The Ultimate Goal
February 1, 2007 - Missions is not the ultimate goal of the Church. Worship is. Missions exist because worship doesn’t. Worship is ultimate, not missions, because God is ultimate, not man. When this age is over, and the countless millions of the redeemed fall on their faces before the throne of God, missions will be no more. It is a temporary necessity. But worship abides forever.
by John Piper
Worship, therefore, is the fuel and goal of missions. It’s the goal of missions because in missions we simply aim to bring the nations into the white-hot enjoyment of God’s glory. The goal of missions is the gladness of the peoples in the greatness of God. “The Lord reigns, let the earth rejoice; let the many coastlands be glad!” (Psalm 97:1). “Let the peoples praise you, O God; let all the peoples praise you! Let the nations be glad and sing for joy!” (Psalm 67:3-4).
But worship is also the fuel of missions. Passion for God in worship precedes the offer of God in preaching. You can’t commend what you don’t cherish. Missionaries will never call out, “Let the nations be glad!” if they cannot say from the heart, “I rejoice in the Lord. … I will be glad and exult in you; I will sing praise to your name, O Most High” (Psalm 104:34; 9:2). Missions begins and ends in worship.
If the pursuit of God’s glory is not ordered above the pursuit of man’s good in the affections of the heart and the priorities of the Church, man will not be well served, and God will not be duly honored. I am not pleading for a diminishing of missions but for a magnifying of God. When the flame of worship burns with the heat of God’s true worth, the light of missions will shine to the darkest peoples on earth. And I long for that day to come!
Where passion for God is weak, zeal for missions will be weak. Churches that are not centered on the exaltation of the majesty and beauty of God will scarcely kindle a fervent desire to “declare his glory among the nations” (Psalm 96:3). Even outsiders feel the disparity between the boldness of our claim upon the nations and the blandness of our engagement with God.
The Second Greatest Activity in the World
The most crucial issue in missions is the centrality of God in the life of the Church. How can people who are not stunned by the greatness of God be sent with the ringing message, “Great is the Lord, and greatly to be praised; he is to be feared above all gods”? (Psalm 96:4). Missions is not first and ultimate; God is. And these are not just words. This truth is the lifeblood of missionary inspiration and endurance. William Carey, the father of modern missions, who set sail for India from England in 1793, expressed the connection:
“When I left England, my hope of India’s conversion was very strong; but amongst so many obstacles, it would die, unless upheld by God. Well, I have God, and His Word is true. [Even if] the superstitions of the heathen were a thousand times stronger than they are, and the example of the Europeans a thousand times worse; [even if] I were deserted by all and persecuted by all, yet my faith, fixed on the sure Word, would rise above all obstructions and overcome every trial. God’s cause will triumph.”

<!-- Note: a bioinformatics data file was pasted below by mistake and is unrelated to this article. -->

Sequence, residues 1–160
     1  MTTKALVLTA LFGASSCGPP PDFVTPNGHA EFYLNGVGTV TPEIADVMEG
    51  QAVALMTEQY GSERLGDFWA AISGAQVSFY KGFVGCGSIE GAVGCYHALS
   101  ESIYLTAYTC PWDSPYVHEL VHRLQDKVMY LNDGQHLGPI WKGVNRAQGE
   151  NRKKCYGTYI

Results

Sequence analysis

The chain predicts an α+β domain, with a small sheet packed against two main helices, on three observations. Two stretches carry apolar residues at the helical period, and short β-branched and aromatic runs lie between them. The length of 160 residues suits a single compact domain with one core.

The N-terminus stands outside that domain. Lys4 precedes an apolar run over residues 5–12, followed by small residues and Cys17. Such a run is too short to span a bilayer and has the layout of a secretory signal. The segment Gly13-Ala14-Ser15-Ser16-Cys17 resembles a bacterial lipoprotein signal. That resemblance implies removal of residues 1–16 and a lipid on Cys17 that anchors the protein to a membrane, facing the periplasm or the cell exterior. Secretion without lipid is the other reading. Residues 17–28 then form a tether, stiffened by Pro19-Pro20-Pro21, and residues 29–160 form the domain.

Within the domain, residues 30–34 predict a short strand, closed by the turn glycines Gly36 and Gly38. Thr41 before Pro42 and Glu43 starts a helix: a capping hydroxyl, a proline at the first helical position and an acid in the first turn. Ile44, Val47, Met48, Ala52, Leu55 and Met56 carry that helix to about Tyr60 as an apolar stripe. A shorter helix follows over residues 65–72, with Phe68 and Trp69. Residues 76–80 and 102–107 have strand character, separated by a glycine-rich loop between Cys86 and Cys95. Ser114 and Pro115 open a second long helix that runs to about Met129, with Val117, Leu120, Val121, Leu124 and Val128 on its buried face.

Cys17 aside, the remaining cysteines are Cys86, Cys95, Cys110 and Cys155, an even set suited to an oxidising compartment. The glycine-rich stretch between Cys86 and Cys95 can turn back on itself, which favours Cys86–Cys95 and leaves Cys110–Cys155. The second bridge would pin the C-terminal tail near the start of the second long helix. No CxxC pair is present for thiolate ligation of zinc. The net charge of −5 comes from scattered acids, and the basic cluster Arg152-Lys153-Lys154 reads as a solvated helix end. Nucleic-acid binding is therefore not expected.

Carey and thousands like him have been moved and carried by the vision of a great and triumphant God. That vision must come first. Savoring it in worship precedes spreading it in missions. All of history is moving toward one great goal, the white-hot worship of God and His Son among all the peoples of the earth. Missions is not that goal. It is the means. And for that reason it is the second greatest human activity in the world.
God’s Passion for God
One of the things God uses to make this truth take hold of a person and a church is the stunning realization that it is also true for God Himself. Missions is not God’s ultimate goal, worship is. And when this sinks into a person’s heart everything changes. The world is often turned on its head, and everything looks different—including the missionary enterprise.
The ultimate foundation for our passion to see God glorified is His own passion to be glorified. God is central and supreme in His own affections. There are no rivals for the supremacy of God’s glory in His own heart. God is not an idolater. He does not disobey the first and great commandment. With all His heart and soul and strength and mind He delights in the glory of His manifold perfections. The most passionate heart for God in all the universe is God’s heart.
This truth, more than any other I know, seals the conviction that worship is the fuel and goal of missions. The deepest reason why our passion for God should fuel missions is that God’s passion for God fuels missions. Missions is the overflow of our delight in God because missions is the overflow of God’s delight in being God. And the deepest reason why worship is the goal in missions is that worship is God’s goal. We are confirmed in this goal by the biblical record of God’s relentless pursuit of praise among the nations. “Praise the Lord, all nations! Extol him, all peoples!” (Psalm 117:1). If it is God’s goal, it must be our goal.
The Call of God
God is pursuing with omnipotent passion a worldwide purpose of gathering joyful worshipers for Himself from every tribe and tongue and people and nation. He has an inexhaustible enthusiasm for the supremacy of His Name among the nations. Therefore, let us bring our affections into line with His, and, for the sake of His Name, let us renounce the quest for worldly comforts and join His global purpose.